Newspaper article The Canadian Press

Henderson Would Look to Team Captain for Guidance on White House Visit

Newspaper article The Canadian Press

Henderson Would Look to Team Captain for Guidance on White House Visit

Article excerpt

Henderson weighs in on sports and politics


TORONTO - If retired hockey great Paul Henderson were invited to the White House after winning a championship, he'd look to his teammate wearing the 'C' to make the call on attendance plans.

"Well I was a team player. I think if the captain said we were going -- it may not be my choice -- but if the captain says we're going, I'd probably go," Henderson said Thursday. "If the captain said we weren't going to go, then I probably wouldn't go."

Much criticism has been volleyed at the reigning Stanley Cup champion Pittsburgh Penguins in recent days for their decision to attend the traditional ceremony with the U.S. president. Captain Sidney Crosby has also caught some heat for supporting his team's choice.

It's one of many hot-button issues permeating leagues around the continent of late with sports, politics and protests forming a heated stew that's showing no signs of abating.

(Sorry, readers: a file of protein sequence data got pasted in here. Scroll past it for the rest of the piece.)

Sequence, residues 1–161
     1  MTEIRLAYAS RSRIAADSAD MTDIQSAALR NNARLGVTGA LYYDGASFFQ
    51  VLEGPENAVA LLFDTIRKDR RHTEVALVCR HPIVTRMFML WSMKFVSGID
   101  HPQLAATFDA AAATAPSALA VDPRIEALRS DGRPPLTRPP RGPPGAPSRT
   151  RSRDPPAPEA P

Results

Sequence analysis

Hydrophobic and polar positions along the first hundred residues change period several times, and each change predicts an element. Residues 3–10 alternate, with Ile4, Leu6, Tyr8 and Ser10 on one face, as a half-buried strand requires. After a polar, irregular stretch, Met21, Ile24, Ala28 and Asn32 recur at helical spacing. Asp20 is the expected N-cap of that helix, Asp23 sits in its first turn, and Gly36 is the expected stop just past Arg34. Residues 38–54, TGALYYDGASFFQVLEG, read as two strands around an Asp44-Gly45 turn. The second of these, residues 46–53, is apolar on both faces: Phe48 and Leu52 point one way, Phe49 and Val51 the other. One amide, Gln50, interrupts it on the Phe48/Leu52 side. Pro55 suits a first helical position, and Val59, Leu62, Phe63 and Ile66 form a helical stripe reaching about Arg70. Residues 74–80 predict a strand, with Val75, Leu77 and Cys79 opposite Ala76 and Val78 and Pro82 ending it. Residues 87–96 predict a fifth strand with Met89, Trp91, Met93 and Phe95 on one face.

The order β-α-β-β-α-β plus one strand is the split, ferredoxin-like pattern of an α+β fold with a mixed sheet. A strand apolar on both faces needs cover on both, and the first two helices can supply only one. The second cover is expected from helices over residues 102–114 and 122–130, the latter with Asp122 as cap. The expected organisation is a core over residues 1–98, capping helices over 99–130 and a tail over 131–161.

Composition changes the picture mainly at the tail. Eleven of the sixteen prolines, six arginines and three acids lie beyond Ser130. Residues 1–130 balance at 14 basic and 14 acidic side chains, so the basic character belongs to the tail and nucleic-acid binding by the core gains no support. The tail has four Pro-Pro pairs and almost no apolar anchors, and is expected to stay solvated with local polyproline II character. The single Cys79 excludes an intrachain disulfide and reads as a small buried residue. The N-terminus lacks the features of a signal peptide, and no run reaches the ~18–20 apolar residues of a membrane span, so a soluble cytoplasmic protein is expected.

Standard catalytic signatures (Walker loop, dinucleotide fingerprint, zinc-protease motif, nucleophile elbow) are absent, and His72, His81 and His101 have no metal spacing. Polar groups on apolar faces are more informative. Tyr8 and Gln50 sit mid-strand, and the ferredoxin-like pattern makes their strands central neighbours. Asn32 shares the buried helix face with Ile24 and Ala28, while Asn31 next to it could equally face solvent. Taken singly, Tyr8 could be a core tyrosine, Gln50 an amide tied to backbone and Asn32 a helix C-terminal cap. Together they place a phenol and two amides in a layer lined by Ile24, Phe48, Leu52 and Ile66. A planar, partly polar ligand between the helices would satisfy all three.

President Donald Trump hasn't minced words with his criticism of the NFL, players and team owners for athletes kneeling during the national anthem before games. The NBA champion Golden State Warriors were invited to the White House, but Trump rescinded the invitation after star guard Stephen Curry indicated he wouldn't attend.

Protesting during the anthem has become a divisive issue since then-San Francisco quarterback Colin Kaepernick started the movement last year. He refused to stand to protest police brutality and racial inequality in the United States.

San Jose Sharks forward Joel Ward -- one of about 30 black players in the NHL -- had considered a protest but said Thursday that he will not kneel during the anthem.

The intersection of sports and politics was a talking point as Henderson held an availability after participating in a children's book launch at the Hockey Hall of Fame.

"We live in a society where there's freedom of choice and so people make choices about things," Henderson said. "So a person can do what they want to do and that's the great thing about it. …

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